To end the season just six points and one spot shy of Trulli in the drivers' standings was a superb accomplishment, and one reached with the minimum of fuss in true Timo Glock style. Make no mistake; after one year spent in the wilderness across the Pond in Champ Car circles and two in GP2, the man from Lindenfels is back - and on the evidence of 2008, back to stay.

7. Mark Webber

For the first eight races of 2008, Webber seemed to have turned a corner. Habitually luckless - particularly on Sundays - the Aussie bucked the trend by finishing inside the points on six occasions, in the process almost single-handedly hauling Red Bull Racing up to fourth position in the constructors' standings.

Typically, one of the only two times on which he failed to make the top eight was in front of his adoring home fans Down Under in Melbourne, but no matter - it seemed as though the 32-year-old's fortunes had finally changed for the better. Even more encouragingly still, after taking the chequered flag sixth in Red Bull's traditional bogie country of France - where in three previous years of top flight competition the energy drinks-backed outfit had never scored - Webber then went and put his RB4 second on the grid alongside Kovalainen at Silverstone, thereby securing the Milton Keynes-based concern's maiden front row starting slot in 72 outings in the top flight.

Only a day later, however, it all began to unravel, and following his costly opening lap spin in torrential conditions in the British Grand Prix, the New South Wales native would trouble the scorers on just three more occasions before season's end - each of them a solitary eighth place - as RBR failed to keep development pace with its immediate rivals, and points opportunities became ever fewer and farther between.

So bad did things become, indeed, that in the final four grands prix the man from Queanbeyan failed to even make the top then on the grid at all, but it was testament to his enduring raw pace and commitment to the task that only twice did team-mate David Coulthard get the better of him on a Saturday afternoon year-long, and practically never on race day. Eleventh in the final drivers' championship may not have been what he had been hoping for back at the beginning of the campaign, but it was no reflection on the value of Webber's performance.

6. Jarno Trulli

Trulli headed into 2008 knowing he had a fast young team-mate to control in Glock, and many predicting that should the German rapidly seize the upper hand, the Italian's grand prix career could be at an end. Not only did the man from Pescara cope with the challenge laid down to him - he rose to it and, for the most part, emerged on top.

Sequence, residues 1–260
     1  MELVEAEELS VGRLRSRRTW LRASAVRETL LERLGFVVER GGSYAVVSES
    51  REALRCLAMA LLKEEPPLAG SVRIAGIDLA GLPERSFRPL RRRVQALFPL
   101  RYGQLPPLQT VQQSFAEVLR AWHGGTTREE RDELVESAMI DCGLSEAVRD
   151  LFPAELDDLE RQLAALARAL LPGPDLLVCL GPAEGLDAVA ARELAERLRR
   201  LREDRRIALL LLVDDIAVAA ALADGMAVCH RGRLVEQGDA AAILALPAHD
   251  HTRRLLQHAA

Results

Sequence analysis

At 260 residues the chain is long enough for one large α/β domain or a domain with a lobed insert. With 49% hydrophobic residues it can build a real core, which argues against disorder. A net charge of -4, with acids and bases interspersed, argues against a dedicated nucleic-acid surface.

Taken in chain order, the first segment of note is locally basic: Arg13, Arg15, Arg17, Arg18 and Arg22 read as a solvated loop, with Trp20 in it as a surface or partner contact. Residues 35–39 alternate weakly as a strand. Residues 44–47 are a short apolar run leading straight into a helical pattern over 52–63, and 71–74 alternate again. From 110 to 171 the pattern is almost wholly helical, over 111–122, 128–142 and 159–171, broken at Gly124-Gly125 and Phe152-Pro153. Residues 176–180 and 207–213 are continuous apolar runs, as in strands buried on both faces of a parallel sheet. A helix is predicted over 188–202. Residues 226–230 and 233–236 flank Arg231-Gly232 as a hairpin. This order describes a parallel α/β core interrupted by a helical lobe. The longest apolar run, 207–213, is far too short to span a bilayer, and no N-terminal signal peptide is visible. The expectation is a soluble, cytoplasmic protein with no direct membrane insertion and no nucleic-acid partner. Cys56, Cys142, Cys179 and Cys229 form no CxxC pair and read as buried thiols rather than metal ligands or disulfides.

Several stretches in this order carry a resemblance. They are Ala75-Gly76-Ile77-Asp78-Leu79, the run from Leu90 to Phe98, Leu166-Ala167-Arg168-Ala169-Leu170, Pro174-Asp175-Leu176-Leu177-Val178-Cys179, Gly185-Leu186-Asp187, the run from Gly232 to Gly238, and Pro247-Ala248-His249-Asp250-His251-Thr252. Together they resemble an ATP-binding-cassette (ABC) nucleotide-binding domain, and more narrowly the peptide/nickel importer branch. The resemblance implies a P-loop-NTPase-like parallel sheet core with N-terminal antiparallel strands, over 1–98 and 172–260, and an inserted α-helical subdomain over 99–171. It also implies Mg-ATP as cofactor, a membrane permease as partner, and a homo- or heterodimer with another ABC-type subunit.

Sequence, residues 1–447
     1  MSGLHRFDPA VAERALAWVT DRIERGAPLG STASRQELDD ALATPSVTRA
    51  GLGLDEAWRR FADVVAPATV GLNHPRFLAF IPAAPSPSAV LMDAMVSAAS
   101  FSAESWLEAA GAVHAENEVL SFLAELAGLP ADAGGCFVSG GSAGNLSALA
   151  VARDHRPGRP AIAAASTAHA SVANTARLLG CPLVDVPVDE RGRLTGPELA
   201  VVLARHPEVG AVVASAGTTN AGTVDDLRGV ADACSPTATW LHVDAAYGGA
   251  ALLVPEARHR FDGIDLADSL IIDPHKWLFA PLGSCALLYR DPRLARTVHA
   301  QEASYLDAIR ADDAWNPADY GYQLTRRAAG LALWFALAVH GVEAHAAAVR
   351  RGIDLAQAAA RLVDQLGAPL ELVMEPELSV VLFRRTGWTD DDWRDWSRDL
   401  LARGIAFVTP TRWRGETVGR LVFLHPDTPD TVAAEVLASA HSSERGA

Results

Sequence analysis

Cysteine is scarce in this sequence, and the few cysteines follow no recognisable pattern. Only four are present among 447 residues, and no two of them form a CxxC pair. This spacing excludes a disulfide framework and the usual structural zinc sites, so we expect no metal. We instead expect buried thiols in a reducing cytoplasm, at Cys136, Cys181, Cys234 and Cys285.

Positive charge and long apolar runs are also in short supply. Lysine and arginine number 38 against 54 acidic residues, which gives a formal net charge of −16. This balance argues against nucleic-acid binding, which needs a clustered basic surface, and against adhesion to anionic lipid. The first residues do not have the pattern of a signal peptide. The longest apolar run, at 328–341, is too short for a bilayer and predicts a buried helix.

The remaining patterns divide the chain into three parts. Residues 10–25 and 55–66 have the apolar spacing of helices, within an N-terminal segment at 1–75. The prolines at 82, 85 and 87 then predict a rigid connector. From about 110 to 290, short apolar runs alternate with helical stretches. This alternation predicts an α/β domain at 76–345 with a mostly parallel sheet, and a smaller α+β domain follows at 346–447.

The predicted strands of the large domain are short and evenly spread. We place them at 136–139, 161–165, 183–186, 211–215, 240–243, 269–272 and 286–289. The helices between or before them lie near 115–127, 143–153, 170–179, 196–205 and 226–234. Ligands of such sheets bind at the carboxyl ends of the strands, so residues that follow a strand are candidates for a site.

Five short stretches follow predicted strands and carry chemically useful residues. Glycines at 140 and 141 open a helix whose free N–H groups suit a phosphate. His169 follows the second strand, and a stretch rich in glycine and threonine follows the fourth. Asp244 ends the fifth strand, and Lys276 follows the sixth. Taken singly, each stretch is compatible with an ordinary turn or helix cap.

Renowned as a great qualifier, on only four occasions in 18 races did Trulli miss out on the top ten on the starting grid, and he out-pointed Glock on the starting grid 14 times to four. Of more significance, though, was the fact that the 34-year-old was invariably up at the sharp end on race day too - much like Webber, firmly putting to bed the theory that he is a better qualifier than racer with some stellar showings.

His performances in Malaysia, Bahrain, Valencia and Fuji were magnificent, and his podium at Magny-Cours - poignantly coming just days after former team principal Ove Andersson had tragically passed away, and banishing memories of the 2004 French Grand Prix, when he had let third place slip away to Rubens Barrichello in the very final corner - was just the tonic and lift for a team still in mourning. Drawing upon all of his guile and experience to hold off Kovalainen right the way to the flag, Trulli was peerless and produced a drive to match the very best of his nigh-on 200-race F1 career.

A man with a taste for fine wines and his own vineyard in his homeland to boot, this was a vintage season for Jarno Trulli, and like his produce, he is seeming to get even better with age. He may be one of F1's elder statesmen, but on current form the former Monaco Grand Prix winner will not be hanging up his helmet for some time yet.

The top five drivers will be revealed tomorrow (Christmas Eve).

Comments

Join the conversation - Add your comment

Please login or register to add your comment